Volkswagen “Bark Side”: Adorable. I love dogs. This spot makes me like the people who cooked it up. Doesn’t make me want to buy a VW. (I am, however, more seriously considering getting a dog.) And I can tell you that in that regard I am not statically unique. That’s the trouble with commercials that are purely entertaining while bereft of a claim or benefit. Plus, is it just me, or is there something off-puttingly self-congratulatory about a spot whose main objective seems to be not to feature a product, but to pay homage to last year’s spot?
Volkswagen “The Dog Strikes Back”: Ditto, except not really adorable. As for the Darth Vader gag at the end, the word that comes to mind is “reaching.”
Honda “Matthew’s Day Off”: Looks like another desperate creative team that couldn’t come up with a fresh way to say ‘buy this car.’ I wonder what percentage of this year’s viewers (1) saw the referenced movie and, of those who did, (2) remember it and, of those who do, (3) remember it fondly and, of those who do, (4) will transfer that fondness to Honda and, of those who do, (5) will buy the car as a result. But on the positive side, at least the ad agency gets to brag about getting to meet Matthew Broderick.
Bridgestone “Don’t Underestimate the Beadle”: Maybe I would get this were I a sports fan. Admittedly, I am not part of the Super Bowl-watching demographic. I have enough trouble remembering which sport all the fuss is even about. (Football, right?)
Chevrolet: “2012”: Kudos to Chevy for remembering to make a product claim. Funny how many so-called advertising experts forget to do that, and go for entertainment value in its place. And how many clients buy it.
Doritos: “Man’s Best Friend”: One of few spots this year that actually tries to sell the product. Sure, it’s hyperbole, but at least it has a claim, namely, that Doritos are good enough to buy the silence of a cat owner’s spouse. Plus the spot is danged fun. If you take offense at the alleged violence against cats, you’re thinking too hard. Should a dog someday be brought up on cat-icide charges and use the Doritos Defense, I’ll apologize.
Chrysler “Halftime in America”: A bit schmaltzy for my taste, but that is neither here nor there, as I am but a focus group of one. As for those who claim that the spot is a covert Obama plug, all I can say is, Oh come on.
Audi: “Vampire Party”: OK, fine, the creative team found a unique and memorable way to say “this car has LED headlights.” But in advertising, it’s usually a good idea to translate a feature into a relevant benefit. I suppose if vampires are a problem in your neighborhood, this spot succeeds.
Sketchers: “GOrun Mr. Quiggly”: In the tradition of the old PF Flyers commercials (remember those?), the spot essentially says “these shoes will make you run faster.” Trouble is, the spot doesn’t demonstrate the claim. Hmm. Could it be because we all know that a shoe can’t really do that? Which makes me think the creative team might have worked a little harder to come up with a viable claim. On the other hand, perhaps I am being a bit too literal-minded, as I am wont to do. Perhaps the spot’s real objective is to say, “Sketchers are cool.” In that case, I leave it to you as to whether it pulls it off.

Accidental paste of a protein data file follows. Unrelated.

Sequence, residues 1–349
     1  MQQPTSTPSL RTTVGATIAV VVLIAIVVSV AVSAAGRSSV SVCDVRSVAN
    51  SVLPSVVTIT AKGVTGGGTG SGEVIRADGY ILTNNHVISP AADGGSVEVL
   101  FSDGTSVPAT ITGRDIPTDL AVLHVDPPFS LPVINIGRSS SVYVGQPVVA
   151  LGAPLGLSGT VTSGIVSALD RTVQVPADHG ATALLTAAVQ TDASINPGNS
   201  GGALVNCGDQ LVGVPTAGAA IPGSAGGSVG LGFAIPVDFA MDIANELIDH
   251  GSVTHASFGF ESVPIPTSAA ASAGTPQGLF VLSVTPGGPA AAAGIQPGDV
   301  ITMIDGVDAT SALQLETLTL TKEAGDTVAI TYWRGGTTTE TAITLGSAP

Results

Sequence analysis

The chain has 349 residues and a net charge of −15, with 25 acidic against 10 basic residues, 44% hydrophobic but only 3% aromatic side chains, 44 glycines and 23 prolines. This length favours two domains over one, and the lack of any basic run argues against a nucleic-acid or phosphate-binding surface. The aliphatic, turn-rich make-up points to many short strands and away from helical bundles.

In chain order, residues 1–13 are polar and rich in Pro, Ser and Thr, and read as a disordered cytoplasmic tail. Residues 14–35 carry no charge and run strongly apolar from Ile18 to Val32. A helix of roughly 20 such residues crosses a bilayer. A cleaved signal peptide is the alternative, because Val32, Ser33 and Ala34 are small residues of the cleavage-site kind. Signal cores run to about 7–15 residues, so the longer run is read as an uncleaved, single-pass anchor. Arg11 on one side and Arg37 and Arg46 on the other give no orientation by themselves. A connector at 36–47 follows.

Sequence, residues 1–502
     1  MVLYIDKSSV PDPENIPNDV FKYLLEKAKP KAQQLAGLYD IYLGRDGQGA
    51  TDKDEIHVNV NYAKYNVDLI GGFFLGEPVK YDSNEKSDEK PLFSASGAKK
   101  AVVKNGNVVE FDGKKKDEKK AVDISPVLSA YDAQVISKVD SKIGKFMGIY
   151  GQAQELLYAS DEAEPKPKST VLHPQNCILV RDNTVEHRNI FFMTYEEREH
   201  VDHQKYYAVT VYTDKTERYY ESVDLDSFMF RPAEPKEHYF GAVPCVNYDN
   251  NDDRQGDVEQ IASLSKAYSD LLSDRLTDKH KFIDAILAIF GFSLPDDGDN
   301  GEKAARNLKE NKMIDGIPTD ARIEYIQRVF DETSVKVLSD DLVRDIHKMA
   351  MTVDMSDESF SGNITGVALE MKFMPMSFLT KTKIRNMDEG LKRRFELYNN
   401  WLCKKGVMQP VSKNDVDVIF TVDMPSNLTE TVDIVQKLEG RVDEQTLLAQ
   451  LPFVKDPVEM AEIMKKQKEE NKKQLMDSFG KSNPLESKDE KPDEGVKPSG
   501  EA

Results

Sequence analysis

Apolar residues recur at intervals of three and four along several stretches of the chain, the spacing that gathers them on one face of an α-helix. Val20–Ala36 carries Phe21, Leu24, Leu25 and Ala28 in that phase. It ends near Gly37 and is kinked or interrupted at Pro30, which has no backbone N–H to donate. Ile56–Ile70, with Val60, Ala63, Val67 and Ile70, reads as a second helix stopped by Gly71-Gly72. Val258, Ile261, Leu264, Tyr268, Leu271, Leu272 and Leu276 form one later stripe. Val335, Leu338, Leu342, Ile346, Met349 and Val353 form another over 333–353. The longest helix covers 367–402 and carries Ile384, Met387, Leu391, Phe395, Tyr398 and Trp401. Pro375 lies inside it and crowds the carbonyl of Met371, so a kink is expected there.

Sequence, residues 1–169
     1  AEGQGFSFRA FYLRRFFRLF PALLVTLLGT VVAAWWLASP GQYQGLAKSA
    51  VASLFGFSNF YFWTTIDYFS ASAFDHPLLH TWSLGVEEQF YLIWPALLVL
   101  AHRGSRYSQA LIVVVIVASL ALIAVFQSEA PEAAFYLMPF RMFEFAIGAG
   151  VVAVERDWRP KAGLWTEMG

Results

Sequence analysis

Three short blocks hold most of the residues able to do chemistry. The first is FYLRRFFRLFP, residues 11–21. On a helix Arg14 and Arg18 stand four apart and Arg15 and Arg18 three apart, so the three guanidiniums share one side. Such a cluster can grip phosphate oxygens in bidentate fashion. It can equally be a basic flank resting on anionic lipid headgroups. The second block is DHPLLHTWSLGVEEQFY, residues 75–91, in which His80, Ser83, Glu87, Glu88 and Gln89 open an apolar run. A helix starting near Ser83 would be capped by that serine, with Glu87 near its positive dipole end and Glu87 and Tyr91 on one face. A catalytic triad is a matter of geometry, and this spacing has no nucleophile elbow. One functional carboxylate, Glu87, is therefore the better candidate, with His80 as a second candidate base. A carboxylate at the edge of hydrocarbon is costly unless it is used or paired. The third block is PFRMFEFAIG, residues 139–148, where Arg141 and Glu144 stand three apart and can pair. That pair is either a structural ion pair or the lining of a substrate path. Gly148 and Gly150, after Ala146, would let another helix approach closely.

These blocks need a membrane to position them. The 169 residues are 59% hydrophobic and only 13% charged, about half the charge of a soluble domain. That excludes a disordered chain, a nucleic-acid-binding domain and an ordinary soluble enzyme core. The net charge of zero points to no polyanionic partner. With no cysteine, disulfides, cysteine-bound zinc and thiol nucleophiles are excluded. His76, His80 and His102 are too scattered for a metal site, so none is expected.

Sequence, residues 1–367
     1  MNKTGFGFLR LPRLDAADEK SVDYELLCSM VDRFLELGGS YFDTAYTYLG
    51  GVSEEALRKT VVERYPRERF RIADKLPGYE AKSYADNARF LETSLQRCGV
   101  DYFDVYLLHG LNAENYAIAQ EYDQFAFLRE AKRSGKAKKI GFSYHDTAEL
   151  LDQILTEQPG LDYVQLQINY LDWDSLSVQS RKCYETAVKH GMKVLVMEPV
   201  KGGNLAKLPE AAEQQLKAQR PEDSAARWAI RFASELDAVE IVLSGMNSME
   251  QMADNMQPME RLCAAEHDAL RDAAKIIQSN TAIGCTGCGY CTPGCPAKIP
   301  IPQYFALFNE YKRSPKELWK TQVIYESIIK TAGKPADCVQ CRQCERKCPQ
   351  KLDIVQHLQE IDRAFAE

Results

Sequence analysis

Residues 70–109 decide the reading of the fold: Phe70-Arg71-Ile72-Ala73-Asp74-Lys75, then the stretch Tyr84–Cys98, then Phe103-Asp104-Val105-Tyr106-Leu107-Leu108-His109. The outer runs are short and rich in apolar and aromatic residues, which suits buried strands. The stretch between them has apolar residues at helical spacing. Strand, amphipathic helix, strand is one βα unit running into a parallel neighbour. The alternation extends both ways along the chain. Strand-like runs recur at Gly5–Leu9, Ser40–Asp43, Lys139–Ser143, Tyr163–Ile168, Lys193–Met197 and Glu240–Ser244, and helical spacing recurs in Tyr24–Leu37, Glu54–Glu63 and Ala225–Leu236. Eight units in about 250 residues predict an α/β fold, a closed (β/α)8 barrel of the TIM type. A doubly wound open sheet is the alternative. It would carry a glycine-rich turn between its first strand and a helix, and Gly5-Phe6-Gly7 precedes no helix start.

Fun short film. But is it advertising?
This Year’s Super Bowl Commercials: My Two Cents, Part I
I suppose there are lots of potential reasons to run a TV commercial.
Maybe you only want to inspire confidence in your brand, but not necessarily drive sales of a specific product. Maybe you want people to know you care about the environment so that you needn’t fear arriving at work to find the Save the Praying Mantis Coalition picketing your plant. Maybe you want investors to feel good about the stock they just bought. Maybe all you want is for the Board of Directors to take pride in the commercial. Maybe you want to be able to brag that your spot ran in the Super Bowl. Maybe you want your spot to accrue oodles of awards that you can use to attract more clients.
Fine. But usually, the idea behind a TV commercial is to sell something. Especially when you pay $3,000,000.00 or more to air it just one time. Plus the million(s) you spent making the darned thing in the first place.
Now, before we discuss the Super Bowl spots, let’s debunk a big myth about what sells in advertising. Many if not most ad people preach that if your commercial is “truly creative” — whatever the devil that means — it will sell. It is nonsense.
There are, however, plenty of ways to enhance a commercial’s selling power. For now I’ll name just four:
- Make sure the right people see it. Choose the right networks, stations, shows and times. At $3,000,000.00 per half-minute, you’d better be certain that the folks glued to the Super Bowl are the ones you need to reach. Good bet for colas, beers and automakers. But yogurt? Go-Daddy? The History Channel?